New independent jobs figures show the fundamentals of the British economy remain robust, there are more people in work than ever before, a record high rate of women in work and wages growing faster than inflation for the 15th month in a row.
We are helping people into work by reforming welfare so work always pays, while backing businesses to create more, better paying jobs across the whole country through our careful economic management and modern Industrial Strategy.
With the unemployment rate falling to its lowest since 1974, more people have the economic independence that a job brings and can reach their full potential. Behind every employment number is a person whose self-esteem, mental wellbeing, economic circumstances and life chances are all vastly improved by being in the workplace.
- Wages: Average weekly earnings for employees increased by 3.4 per cent compared with a year earlier.
- Employment: 32.75 million (up 357,000 over the last year and up by 3.7 million since 2010).
- Employment rate: 76.1 per cent (up 0.5 points over the past year and up 5.9 points since 2010).
- Unemployment: 1.30 million (down 112,000 over the past year and down by 1.20 million since 2010).
- Unemployment rate: 3.8 per cent (down 0.4 points over the past year and down 4.1 points since 2010) – the lowest rate since 1974 and almost halving since 2010 (8.0 per cent).
- The latest data shows that wages increased by 3.4 per cent – growing by 1.5 per cent after adjusting for inflation – meaning people have more money in their pockets.
- The employment rate for women in work was 72.0 per cent – the highest since comparable records began in 1971.
- There are almost 1 million (947,000) more disabled people in work since 2014, as we are breaking down the barriers to employment facing disabled people.
- There are 458,000 fewer young people out of work since 2010 – halving since 2010.
- Almost 80 per cent of the 3.7 million jobs created since 2010 have been in full-time employment giving people stability, whilst making sure that people who want to still have the flexibility to suit their lives.
We are helping families with the cost of living, so they have more money in their pockets:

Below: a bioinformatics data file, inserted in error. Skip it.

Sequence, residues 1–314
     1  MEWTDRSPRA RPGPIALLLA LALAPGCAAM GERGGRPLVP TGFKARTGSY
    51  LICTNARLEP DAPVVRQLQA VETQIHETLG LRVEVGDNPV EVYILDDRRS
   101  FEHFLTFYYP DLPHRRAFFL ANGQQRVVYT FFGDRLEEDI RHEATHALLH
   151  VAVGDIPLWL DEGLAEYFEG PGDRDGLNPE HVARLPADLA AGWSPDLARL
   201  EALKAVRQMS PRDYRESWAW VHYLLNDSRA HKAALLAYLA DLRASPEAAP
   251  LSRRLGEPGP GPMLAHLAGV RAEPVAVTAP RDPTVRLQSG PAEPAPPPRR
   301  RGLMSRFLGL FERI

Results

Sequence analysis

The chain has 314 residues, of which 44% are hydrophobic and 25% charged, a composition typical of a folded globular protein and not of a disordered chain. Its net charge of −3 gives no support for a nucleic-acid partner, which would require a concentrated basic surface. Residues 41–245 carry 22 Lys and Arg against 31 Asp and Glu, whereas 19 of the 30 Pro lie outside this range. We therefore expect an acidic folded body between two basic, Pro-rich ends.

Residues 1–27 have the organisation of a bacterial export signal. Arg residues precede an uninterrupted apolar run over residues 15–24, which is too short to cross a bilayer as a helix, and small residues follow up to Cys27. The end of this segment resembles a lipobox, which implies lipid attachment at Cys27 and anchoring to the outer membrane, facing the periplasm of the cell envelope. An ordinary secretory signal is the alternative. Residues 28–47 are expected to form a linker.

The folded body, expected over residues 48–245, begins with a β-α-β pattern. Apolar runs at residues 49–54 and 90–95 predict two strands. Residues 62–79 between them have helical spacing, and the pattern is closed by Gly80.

- Increasing the Personal Allowance – the amount you earn before you start paying income tax – to £12,500 a year earlier than planned so the typical taxpayer will be £1,205 better off than in 2010. These changes will cut taxes for 32 million people and take 1.74 million people out of income tax altogether compared to 2015-16.
- Making the biggest ever increase to the National Living Wage – boosting the earnings of the lowest paid and taking the proportion of low paid people to the lowest since 1980. The National Living Wage has increased from £7.83 to £8.21 an hour, representing an increase to a full-time minimum wage worker’s annual earnings of over £690.
- Freezing fuel duty for the ninth successive year – keeping the costs of driving down. By next April, this will have saved the average car driver a cumulative £1,000. Most other vehicle taxes are being uprated in the normal way in line with previously announced policy.
Labour don’t know how to handle the economy and would hurt the people they claim to want to help, just like last time:
- Labour would do ‘profound harm to our economy’ and ‘harm the very people they are intended to help’ according to leading business group. Carolyn Fairbairn of the CBI has said: ‘Labour’s plans to renationalise our rail, water and energy would do profound harm to our economy, to the services on which we rely, and to our country’s finances… The Labour Party’s current proposals get the balance wrong. And will harm the very people they are intended to help’ (CBI, Press Release, 28 March 2019, link).
- No Labour government has ever left office with unemployment lower than when it started, and the number of unemployed people increased by one million in Labour’s last term in office. At the start of Labour’s third ministry in March to May 2005 the unemployment level was 1.4 million but by March to May it had risen to 2.5 million (ONS, Labour Market Statistics, 19 February 2019, link).